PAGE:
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Child's hands holding an HIV awareness ribbon, Cape Town, South Africa

Source: BigFive Images / Getty


Insurance giant Aetna really messed up with this one! The health care companaccidentally revealed the HIV status of thousands of patients by sending out mailings in poorly-fitted envelopes.

According to the New York Daily News, on July 28 roughly 12,000 customers, who were filling for HIV medication prescriptions, were sent envelopes with a large clear window — revealing the contents of the letter. The letters were also sent to HIV-negative people who were taking Pre-exposure Prophylaxis (PrEP), a regimen that helps prevent a person from getting HIV.

These envelopes were sent to people who lived in Arizona, California, Georgia, Illinois, New Jersey, New York, Ohio, Pennsylvania and Washington, D.C.

The health care company claims they didn’t learn about the mistake until three days later.

Attorneys for their patients sent a letter to the health care corporation demanding they stop sending these letters “in the current form.” Lawyers also want for Aetna to develop a better plan to correct its practices and procedures.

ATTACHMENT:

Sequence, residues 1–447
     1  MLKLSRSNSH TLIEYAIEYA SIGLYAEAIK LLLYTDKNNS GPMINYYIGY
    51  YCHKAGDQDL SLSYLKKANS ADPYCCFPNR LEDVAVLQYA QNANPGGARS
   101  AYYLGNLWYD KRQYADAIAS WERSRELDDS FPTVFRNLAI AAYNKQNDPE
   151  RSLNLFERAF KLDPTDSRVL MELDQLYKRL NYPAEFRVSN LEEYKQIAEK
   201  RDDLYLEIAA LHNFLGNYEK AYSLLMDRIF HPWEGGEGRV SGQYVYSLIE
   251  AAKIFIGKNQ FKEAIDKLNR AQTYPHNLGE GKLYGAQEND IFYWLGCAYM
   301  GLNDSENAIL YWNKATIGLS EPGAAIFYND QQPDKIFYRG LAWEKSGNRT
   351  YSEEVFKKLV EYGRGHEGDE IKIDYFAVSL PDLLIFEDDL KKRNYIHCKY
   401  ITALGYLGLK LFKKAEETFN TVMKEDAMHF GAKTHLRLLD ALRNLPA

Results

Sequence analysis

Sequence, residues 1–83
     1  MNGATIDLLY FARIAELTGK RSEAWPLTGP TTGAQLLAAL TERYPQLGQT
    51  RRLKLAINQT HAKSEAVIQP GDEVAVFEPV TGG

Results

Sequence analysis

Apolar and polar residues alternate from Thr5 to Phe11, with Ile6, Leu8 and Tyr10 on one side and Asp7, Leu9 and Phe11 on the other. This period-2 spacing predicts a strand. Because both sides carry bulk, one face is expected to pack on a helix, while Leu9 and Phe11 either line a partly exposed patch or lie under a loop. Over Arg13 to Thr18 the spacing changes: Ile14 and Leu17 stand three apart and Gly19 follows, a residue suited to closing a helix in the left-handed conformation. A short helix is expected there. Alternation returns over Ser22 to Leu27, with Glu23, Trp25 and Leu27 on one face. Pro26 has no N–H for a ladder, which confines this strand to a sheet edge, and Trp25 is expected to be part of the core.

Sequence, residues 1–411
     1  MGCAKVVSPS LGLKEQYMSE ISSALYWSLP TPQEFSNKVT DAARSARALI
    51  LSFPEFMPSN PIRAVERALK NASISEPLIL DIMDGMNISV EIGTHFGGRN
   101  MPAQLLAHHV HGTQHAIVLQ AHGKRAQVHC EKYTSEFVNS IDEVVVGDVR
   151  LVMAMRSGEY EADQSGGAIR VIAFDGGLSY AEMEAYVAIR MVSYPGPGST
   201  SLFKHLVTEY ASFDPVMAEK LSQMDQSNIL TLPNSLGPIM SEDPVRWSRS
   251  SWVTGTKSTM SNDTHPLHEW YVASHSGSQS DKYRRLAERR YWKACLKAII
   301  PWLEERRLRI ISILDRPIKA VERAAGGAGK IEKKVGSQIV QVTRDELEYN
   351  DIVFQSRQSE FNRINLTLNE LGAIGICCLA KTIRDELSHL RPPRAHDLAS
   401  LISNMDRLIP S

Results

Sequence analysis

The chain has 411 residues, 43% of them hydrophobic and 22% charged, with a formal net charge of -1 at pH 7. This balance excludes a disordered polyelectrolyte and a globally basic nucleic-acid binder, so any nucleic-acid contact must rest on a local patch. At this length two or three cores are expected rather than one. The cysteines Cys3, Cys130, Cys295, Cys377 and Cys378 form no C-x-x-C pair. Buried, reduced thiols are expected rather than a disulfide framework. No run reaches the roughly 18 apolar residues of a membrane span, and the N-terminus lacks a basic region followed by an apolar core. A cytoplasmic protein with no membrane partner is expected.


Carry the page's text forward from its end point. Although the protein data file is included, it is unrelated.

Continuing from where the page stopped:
“Aetna’s privacy violation devastated people whose neighbors and family learned their intimate health information,” Sally Friedman, legal director of the Legal Action Center in New York said in a statement.

“They also were shocked that their health insurer would utterly disregard their privacy rights.”

So why does this mix-up matter?

Yes HIV is no longer the death sentence it was before, but stigma around the disease is still pretty common for people living with the disease. It can lead to loss of employment, housing and education discrimination and even violence. 

Thanks to is breach of confidentiality, several clients have said that family members and neighbors learned that they were using HIV medication from these mailers.

“This is unacceptable. Discrimination against persons with HIV continues to persist,” New York State Attorney General Eric Schneiderman wrote. “Our office is deeply concerned over Aetna’s commitment and ongoing efforts to protect patient health information.”

Schneiderman plans on sitting down with the Connecticut-based insurer next week.

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